Lecture given at conference in Joe Alon Center

The First World War and the Israeli-Australian bond

Ian Wilcock, the Australian ambassador in Israel
Lecture given at conference in Joe Alon Center

Kibbutz Lahav 1997

The history of the First World War is a most important passage of the Australian history.
Australia came an in depended country in 1901, when the six separate colonies in Australia came together as The Commonwealth of Australia.
So the World War was the first the first occasion in which Australians had fought outside their own shores as a unified defence force. Australians had enlisted with enthusiasm in 1914, like a lot of people in Europe and elsewhere, who thought that this would be a short, sharp adventure, which of course turned out to be very far from that.
The first significant battle in which Australians were engaged was not far from here, at Galipoli in Turkey, which was a terrible defeat for the British forces and their allies. It is still the day of the year which Australians celebrate to mark all wars. It is called Anzac Day. Australians and New Zealanders all together. That was in 1915. The casualties were very large. A large pert of our forces then went to France and Belgium, to the western front, where they again fought heroically, but again the losses were huge Out of population, at that time in Australia of 4.5 million people, we lost 60,000 men, which is a phenomenal trauma for the country. It happened to many societies, but as a matter of fact the per-capita casualty, rates for Australians were higher than for almost any other forces in the First World War
They were often used and volunteered as shock troops in the most difficult environments, so that casualties were very great. Beer-Sheva therefore lives in Australian memory as well as a battle, not only because it was a brilliant military success, but because the casualties rate was so low. There were still 31 death, bad +in particular. So it is something that can be celebrated in both military and human terms, and it still is. It is important celebration in Australian military history. And we celebrate it not only in Beer-Sheva, but we celebrate it in Australia in a number of ceremonies. I was fascinated to read in the Australian press that one of the people that was in the celebrations is the last surviving participant in the battle, aged 91, he is still with us, and he said something to the effect, “well I was fool really to volunteer, but I wanted to go with my horse”. This I think, demonstrate the kind of spirit of these people. What is remarkable about the Australian and New Zealand soldiers, that they were all volunteers. Many of them were in it in sense of adventure. All of them thought it was just cause that they were enlisting for. Most of them, I suspect, will fall in this area. The Light Horse were man from the Bush, as we call it, from the rural area of Australia, who was as a matter of routine in their lives, rode horses and rode them very well. They had tough Bush horses, which could survive in very difficult conditions, as in Palestine, and could survive for perhaps days without water. That was one of the big challenges of the battle of Beer-Sheva, to get to the water as fast as possible. They were also accomplished shots. They would always be out on their horses shooting kangaroos or rabbits. So they were almost ready-made as mounted infantry when the war came along. They were courageous and independent men. When in living in the Australian Bush, and the nearest farm to you is a hundred miles away, and you can only get there by horse or by walking, you tend to be in a very independent disposition, and very tough. And they were.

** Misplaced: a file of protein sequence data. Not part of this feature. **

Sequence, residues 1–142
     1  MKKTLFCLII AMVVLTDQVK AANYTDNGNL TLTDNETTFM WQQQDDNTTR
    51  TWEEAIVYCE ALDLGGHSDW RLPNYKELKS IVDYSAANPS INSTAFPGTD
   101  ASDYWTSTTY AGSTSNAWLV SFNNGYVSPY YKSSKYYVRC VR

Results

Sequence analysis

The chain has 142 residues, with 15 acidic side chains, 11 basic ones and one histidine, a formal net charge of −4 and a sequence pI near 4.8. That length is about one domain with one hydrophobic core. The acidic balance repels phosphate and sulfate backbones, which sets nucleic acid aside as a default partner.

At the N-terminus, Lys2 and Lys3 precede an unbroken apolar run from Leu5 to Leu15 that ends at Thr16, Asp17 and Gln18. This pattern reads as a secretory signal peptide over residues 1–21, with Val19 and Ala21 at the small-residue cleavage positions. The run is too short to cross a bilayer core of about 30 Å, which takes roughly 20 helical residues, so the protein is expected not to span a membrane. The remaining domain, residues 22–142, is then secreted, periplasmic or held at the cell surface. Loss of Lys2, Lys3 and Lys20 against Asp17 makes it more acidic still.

That period really made the foundations for what is a very warm modern relationship between Australia and Israel. When I was first in Israel in the nineteen seventies, I used to meet quiet a few people who knew the Dragoon Soldiers of the First World War. There were still few of them around. I still met many who knew the Australian soldiers here in the Second World War and have similarly warm feelings toward them. The warm feelings were obviously mutual. I think it was based on probably on similar pioneering spirits, a similar directness of speech, a similar love of rural life. Many of them hit Kibbutzim during this time, and helped with the farming and spent with the Kibbutzniks. I think it is a bond that still exist, because these qualities of directness, of creativity and of toughness when nessecery, are still things that bond Australians and Israelies. So you are celebrating in my mind, or examining, a period which is important not only to you, but to us as Australians as well, as to the Israeli and Australian partnership. The only regret I have about it all when looking back, is that the commanding Australian in Palestine was not General Jhon Monash, who was the most outstanding Australian General of the First World War. Many people think that he was the most outstanding General of the British Allied Forces of the whole war. He exercised remarkable creativity and imagination in the awful circumstances of the Western Front. The point of local interest is that General Monash was a Jew, and there is even a Jewish village named after him: Kfar Monash. Many people described him at that stage as the greatest Jewish General since Joshua. What a romantic and wonderful thing it would have been if the Australian forces at this stage had been led by General Monash. This was not to be, but still the Israeli-Australian bond is remarkable, and the so many people who are interested in this period is of mutual importance to both countries.

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